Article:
A deaf mute woman is pushed to extreme action to save her Kazakhstan home


Source: Tokyo International Film Festival


Dir/scr. Zhanna Issabayeva. Kazakhstan, 2017, 95 mins.

Actions speak louder than words in Sveta, by necessity; in the fifth title from Kazakhstan film-maker Zhanna Issabayeva (Karoy, Nagima and Bopem), Russian sign language flies from the hands of its deaf-mute characters without sound but with ample fury. And it signifies plenty, in a film that tracks its calculating protagonist’s attempts to keep a roof over her family’s heads by any means necessary.

If enlisting Laura Koroleva is the feature’s first masterstroke, then Mikhail Blintsov’s jittery, handheld camerawork proves its second

Deceit, theft, poisoning and even murder aren’t out of the question in this potently grim and jolting drama, which proves intense, involving and utterly uncompromising in its view of human nature, its commentary on modern Kazakhstan and its astonishing central performance from non-professional first-timer Laura Koroleva.

Combine all of the above, and this assured, audacious, virtually wordless effort deserves diligent attention, and further festival berths are certain after its world premiere in Japan. A strong contender in this year’s Tokyo competition, it’s also strong in its desolate atmosphere and lingering impact. As The Tribe previously demonstrated, former Soviet states eschewing spoken dialogue in incendiary situations can make for particularly powerful, memorable and unsettling viewing.

Unlike Myroslav Slaboshpytskyi’s acclaimed Ukrainian predecessor, Sveta uses subtitles to help relay its story — though the body language of its titular figure conveys just as much information as the movie’s passionately signed exchanges. Full credit goes to writer/director/producer Issabayeva for unearthing the expressive, disarmingly naturalistic Koroleva, who gives an inexorably confident and discomforting portrayal worthy of accolades. There’s much that’s Shakespearean in the film’s terse tale, steeped as it is in dastardly deeds for selfish ends; in the plotting, scheming, manipulating and slaughtering stakes, however, the bard’s Lady Macbeth has an unnerving new successor.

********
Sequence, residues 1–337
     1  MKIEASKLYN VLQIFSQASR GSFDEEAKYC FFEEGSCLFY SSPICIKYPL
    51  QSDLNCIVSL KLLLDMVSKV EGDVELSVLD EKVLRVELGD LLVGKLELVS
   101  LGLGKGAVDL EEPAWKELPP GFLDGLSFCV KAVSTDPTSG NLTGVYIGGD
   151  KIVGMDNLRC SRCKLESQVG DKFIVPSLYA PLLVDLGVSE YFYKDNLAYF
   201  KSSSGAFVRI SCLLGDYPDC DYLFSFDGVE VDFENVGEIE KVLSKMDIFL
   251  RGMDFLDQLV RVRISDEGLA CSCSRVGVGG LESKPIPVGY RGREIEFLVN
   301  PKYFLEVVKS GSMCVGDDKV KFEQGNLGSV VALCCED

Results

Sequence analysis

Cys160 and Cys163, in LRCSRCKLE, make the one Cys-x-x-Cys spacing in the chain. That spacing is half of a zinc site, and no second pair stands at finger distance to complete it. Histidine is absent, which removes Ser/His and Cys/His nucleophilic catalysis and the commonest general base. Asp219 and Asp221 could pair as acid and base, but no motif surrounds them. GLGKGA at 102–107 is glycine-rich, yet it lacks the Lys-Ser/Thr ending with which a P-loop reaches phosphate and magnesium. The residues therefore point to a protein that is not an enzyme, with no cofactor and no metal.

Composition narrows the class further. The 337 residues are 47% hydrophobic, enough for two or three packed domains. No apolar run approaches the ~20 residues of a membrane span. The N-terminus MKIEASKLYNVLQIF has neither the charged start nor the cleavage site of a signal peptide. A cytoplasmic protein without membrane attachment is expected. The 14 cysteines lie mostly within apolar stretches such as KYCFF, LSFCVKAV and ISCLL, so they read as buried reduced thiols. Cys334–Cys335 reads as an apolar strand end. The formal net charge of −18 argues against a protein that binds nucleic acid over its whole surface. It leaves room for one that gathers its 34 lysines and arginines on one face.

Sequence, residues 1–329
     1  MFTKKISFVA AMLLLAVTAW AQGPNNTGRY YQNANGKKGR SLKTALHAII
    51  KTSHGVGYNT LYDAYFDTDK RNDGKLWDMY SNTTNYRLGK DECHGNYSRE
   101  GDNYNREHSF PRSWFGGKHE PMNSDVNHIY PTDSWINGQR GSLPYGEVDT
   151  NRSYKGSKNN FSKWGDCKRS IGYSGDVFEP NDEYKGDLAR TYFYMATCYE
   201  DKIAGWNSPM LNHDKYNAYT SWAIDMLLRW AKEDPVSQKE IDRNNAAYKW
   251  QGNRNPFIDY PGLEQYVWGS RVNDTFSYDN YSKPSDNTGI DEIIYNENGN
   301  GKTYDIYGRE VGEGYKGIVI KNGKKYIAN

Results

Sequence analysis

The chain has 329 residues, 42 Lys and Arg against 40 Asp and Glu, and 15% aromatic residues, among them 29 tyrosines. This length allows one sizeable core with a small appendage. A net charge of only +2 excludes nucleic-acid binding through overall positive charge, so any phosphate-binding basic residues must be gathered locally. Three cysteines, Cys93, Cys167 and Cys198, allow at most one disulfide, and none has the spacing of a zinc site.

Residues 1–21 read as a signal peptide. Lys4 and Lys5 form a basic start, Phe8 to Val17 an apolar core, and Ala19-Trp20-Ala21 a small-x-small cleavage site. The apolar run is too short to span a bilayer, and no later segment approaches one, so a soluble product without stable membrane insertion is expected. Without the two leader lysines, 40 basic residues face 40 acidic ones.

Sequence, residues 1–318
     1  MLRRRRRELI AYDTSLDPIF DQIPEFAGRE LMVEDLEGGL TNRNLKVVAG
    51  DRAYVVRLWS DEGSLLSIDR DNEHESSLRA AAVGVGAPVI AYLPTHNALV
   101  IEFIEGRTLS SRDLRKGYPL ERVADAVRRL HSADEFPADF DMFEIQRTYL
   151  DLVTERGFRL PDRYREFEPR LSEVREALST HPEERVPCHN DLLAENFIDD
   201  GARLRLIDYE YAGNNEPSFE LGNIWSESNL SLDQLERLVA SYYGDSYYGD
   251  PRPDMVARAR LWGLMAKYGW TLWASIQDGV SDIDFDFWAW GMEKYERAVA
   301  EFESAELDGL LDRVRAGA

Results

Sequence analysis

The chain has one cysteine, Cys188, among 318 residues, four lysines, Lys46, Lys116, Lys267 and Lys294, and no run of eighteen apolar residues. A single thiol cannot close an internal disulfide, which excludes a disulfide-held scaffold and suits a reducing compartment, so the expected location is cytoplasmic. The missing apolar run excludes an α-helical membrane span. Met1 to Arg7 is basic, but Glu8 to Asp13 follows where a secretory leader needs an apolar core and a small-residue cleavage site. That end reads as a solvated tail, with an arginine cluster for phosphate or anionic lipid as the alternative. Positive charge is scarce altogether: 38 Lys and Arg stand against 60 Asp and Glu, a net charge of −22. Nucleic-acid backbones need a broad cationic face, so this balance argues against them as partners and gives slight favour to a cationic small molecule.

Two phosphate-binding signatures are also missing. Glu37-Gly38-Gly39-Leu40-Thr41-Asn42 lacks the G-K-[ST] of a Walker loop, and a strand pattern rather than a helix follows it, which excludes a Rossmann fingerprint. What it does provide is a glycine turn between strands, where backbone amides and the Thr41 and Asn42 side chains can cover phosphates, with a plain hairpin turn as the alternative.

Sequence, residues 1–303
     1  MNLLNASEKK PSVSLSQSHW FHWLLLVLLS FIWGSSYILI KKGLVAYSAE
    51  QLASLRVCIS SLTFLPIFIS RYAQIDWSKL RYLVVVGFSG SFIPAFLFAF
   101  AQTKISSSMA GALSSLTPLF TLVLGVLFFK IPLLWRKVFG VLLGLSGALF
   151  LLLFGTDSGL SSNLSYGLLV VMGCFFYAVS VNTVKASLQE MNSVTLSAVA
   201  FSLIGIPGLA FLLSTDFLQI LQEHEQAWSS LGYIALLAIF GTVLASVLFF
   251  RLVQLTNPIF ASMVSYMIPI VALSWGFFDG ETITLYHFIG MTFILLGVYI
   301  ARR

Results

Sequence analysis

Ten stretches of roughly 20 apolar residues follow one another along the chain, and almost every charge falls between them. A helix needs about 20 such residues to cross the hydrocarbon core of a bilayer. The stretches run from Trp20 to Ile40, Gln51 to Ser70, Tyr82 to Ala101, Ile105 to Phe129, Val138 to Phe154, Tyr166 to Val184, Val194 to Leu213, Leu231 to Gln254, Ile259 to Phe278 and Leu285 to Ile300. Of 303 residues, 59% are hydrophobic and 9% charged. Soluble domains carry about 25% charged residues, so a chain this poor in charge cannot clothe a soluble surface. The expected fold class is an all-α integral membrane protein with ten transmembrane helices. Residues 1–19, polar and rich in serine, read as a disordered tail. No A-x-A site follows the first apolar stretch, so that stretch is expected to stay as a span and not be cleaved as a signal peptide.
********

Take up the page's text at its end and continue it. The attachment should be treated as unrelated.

Whether at work, at home or poised to attack a co-worker in the park, Sveta takes no nonsense from anyone. When she’s first seen receiving a two-week warning from her bank about imminent foreclosure on her modest flat, her combative demeanour is matched only by her determination to find a solution.

Subsequently discovering that she’s being made redundant from her garment factory job incites further anger and resolve, not to mention a cunning, distressing plan. Losing her foreman position to a single-mother colleague (Varvara Masyagina) despite her own seniority and education, all it takes is the forceful wielding of a rock to keep her employment (and procure some cash and groceries).

It doesn’t take long for similar thinking to pop into her head regarding her overdue mortgage, with her husband’s (Roman Lystsov) unwell, unit-owning, 92-year-old grandmother her next target. In a movie filled with standout scenes of the emotionally heightened, morally bleak and completely compelling variety, the couple’s middle-of-the-night argument about Sveta’s killer proposal sets both the tone and the bar.

Worse behaviour can only follow, along with a darker mood and ever-increasing tension. Indeed, given the pressure cooker-like environment at home — “no tenderness,” Sveta gruffly instructs — it’s impossible not to feel for the couple’s young, also hearing-impaired children.

If enlisting Koroleva is the feature’s first masterstroke, then Mikhail Blintsov’s jittery, handheld camerawork proves its second, keeping audiences as close to Sveta’s perspective — and, in the process, her ruthless mindset — as possible. The pairing is purposefully disturbing; all the more so for the script’s refusal to vehemently condemn its anti-heroine. There’s no doubting the abhorrence festering at the character’s core, yet there’s also no avoiding the reality that tough, uncaring times beget tough, uncaring actions. Giving voice to that harsh truth isn’t new or unique, but Sveta’s searing efforts may still render many into shocked silence.

Production company / contact: Sun Production, issabayeva@mail.ru

Producer: Zhanna Issabayeva

Cinematographer: Mikhail Blintsov

Editor: Azamat Altybasov

Production designer: Dzhalalatdin Ibragimov

Costume designers: Inga Zadarnovskaya

Main cast: Laura Koroleva, Roman Lystsov, Nataliya Kolesnikova, Alim Mendibayev, Marat Abishev, Alena Ugryumova, Dmitriy Ryazanov, Varvara Masyagina